ISIL (also known as Daesh) terrorist group has used a poster featuring a drone over New York City to threaten the West with attacks in the wake of the chaos at Gatwick airport.
Publish date : 12/25/2018
Publish Time : 13:30:00
The mocked-up propaganda picture shows a drone hovering over the US city carrying a parcel saying: 'private mailbox'.
In a separate caption, extremists have written: 'Sender: The Islamic State' while there are also pictures of previous atrocities claimed by the terror group.
It emerged as Gatwick finally re-opened its runway today after the Army deployed weapons to knock drones out of the sky.
The motivation of the drone operator, or operators, was unclear. Police said there was nothing to suggest the crippling of one of Europe's busiest airports was a terrorist attack, Daily Mail reported.
This morning a jet carrying children to Lapland was the first plane to take-off at around 6.30am as 700 flights are now scheduled on the busiest travel day of the year - but the backlog may not be cleared until Christmas Eve.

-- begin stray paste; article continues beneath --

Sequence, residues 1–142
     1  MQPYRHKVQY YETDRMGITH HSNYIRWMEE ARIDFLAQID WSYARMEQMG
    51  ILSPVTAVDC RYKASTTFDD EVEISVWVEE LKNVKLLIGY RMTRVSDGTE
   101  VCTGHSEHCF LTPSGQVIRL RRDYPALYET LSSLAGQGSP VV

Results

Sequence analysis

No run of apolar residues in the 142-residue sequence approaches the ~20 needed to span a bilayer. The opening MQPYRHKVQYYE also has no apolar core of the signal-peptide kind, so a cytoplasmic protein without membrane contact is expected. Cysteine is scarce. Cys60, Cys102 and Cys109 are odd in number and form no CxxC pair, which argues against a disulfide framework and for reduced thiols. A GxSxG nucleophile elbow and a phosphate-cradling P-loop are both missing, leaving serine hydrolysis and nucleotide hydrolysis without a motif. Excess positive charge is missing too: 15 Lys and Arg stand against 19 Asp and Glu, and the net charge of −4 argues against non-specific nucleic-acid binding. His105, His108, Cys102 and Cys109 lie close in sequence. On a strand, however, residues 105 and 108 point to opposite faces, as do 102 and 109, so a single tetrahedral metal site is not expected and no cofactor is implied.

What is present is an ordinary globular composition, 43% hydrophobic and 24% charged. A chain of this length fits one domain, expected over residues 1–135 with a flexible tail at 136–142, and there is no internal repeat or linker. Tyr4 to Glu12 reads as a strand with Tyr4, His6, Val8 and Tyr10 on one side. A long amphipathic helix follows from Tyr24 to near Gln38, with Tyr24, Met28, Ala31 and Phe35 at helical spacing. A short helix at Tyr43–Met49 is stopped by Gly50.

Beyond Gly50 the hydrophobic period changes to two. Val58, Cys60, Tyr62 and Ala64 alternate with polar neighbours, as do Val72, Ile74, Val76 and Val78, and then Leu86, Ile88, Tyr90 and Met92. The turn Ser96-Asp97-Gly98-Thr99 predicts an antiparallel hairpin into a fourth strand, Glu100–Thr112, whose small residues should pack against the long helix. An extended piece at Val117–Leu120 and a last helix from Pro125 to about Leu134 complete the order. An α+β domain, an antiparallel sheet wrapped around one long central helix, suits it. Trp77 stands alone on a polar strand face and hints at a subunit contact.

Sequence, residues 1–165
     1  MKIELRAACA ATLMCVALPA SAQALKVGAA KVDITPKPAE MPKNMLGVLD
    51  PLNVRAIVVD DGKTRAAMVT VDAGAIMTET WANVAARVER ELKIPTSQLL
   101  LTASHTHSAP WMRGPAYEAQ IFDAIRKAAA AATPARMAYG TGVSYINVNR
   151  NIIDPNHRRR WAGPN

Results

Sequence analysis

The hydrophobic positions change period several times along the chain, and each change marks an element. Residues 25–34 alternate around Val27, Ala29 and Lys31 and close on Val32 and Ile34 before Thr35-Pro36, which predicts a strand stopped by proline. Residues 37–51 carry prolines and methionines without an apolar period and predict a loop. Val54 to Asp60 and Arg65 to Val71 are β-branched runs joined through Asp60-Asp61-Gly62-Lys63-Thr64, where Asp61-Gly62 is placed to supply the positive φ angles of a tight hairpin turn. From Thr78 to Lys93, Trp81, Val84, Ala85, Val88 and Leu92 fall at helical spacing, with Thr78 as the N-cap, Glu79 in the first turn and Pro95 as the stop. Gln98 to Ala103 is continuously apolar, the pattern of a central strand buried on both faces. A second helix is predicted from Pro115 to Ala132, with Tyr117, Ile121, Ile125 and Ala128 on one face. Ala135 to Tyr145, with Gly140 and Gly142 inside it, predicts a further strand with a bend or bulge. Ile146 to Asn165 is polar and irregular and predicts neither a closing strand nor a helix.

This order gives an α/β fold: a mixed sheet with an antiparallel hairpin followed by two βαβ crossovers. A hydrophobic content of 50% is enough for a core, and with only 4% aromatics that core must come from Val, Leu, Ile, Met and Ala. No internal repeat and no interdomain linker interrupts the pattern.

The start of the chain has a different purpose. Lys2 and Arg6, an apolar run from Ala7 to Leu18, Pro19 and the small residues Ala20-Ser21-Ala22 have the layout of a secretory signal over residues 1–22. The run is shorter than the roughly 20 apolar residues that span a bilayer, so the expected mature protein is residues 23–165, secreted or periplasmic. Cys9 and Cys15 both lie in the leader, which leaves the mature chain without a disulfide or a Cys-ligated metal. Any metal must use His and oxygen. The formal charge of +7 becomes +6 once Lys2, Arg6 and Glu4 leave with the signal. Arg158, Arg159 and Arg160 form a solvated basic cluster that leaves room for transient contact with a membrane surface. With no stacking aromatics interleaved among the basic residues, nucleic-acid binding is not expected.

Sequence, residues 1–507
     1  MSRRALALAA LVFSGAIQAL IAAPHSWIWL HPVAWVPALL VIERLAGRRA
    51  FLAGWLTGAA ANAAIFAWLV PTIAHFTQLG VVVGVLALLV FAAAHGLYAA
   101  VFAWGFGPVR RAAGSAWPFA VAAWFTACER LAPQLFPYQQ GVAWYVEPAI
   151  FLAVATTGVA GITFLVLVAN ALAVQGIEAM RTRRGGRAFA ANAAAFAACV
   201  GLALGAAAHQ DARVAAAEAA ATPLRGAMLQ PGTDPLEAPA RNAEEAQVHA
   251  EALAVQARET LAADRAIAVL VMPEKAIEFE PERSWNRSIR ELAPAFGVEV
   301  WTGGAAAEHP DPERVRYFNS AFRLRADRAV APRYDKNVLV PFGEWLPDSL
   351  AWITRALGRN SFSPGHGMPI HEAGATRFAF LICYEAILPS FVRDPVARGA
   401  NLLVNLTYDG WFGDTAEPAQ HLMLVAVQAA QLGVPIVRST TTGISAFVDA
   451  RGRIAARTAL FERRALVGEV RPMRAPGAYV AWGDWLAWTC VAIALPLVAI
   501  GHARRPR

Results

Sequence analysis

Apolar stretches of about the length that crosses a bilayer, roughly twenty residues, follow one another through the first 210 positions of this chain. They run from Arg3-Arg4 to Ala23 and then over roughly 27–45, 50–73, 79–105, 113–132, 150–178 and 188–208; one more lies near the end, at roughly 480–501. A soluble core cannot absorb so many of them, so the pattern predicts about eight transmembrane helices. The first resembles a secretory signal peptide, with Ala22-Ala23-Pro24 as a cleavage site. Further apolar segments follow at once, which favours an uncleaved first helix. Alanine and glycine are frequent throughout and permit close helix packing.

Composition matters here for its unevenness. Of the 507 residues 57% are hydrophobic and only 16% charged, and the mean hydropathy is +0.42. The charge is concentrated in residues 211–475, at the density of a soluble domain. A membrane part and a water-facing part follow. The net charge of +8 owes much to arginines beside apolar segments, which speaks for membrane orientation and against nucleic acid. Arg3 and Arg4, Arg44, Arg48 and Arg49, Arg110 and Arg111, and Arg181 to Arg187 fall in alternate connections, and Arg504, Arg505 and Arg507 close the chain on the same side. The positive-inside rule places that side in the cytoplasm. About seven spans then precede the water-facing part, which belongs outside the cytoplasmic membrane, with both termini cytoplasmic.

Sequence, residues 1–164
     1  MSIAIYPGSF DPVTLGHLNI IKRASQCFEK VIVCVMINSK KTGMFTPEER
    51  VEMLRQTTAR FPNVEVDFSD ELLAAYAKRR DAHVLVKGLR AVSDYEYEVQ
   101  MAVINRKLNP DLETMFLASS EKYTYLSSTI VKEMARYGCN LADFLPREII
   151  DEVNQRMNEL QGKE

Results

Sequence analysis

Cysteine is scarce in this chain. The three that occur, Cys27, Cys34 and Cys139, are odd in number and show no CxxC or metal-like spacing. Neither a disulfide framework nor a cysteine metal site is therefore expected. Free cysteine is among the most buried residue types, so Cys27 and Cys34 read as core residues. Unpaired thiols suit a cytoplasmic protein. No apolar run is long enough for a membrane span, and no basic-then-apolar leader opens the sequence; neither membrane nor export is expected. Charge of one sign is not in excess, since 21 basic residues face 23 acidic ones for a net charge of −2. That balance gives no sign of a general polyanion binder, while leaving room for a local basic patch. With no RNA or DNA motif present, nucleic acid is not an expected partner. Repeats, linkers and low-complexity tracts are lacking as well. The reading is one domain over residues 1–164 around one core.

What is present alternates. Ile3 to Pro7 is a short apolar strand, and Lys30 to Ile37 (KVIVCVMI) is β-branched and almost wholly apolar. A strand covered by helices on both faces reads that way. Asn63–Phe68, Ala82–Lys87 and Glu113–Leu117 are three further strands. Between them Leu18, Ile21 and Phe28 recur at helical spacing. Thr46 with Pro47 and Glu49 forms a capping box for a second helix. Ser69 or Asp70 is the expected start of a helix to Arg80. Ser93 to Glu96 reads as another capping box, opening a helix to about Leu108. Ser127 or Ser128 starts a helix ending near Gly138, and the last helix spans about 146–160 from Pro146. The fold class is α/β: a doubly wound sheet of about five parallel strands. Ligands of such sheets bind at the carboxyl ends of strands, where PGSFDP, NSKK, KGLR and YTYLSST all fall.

The re-opening of the runway came after the final sighting of the drone at 10pm last night, which had buzzed over the airport more than 50 times since 9pm on Wednesday during the most disruptive airport trespass in UK history.
Detectives are investigating if the pilot is a 'lone wolf eco warrior' bent on grounding jets for environmental reasons and are scouring the area around the airport.
Transport Secretary Chris Grayling admitted today it could have been a larger gang of climate change activists flying several drones and refused to rule out the chance a hostile foreign country could be behind the Gatwick drone chaos.
Furious passengers whose Christmas trips were left in tatters have blasted the police who were utterly bewildered about how to stop the drone and refused to shoot it down despite having snipers dotted along the runway all day yesterday.
The threat was finally neutralised after the Army was sent in with 'specialist equipment' - believed to be a 'kill-jammer' that cuts a drone's communications from up to two miles away and a 'drone dome' that shoots them out of the sky with a laser.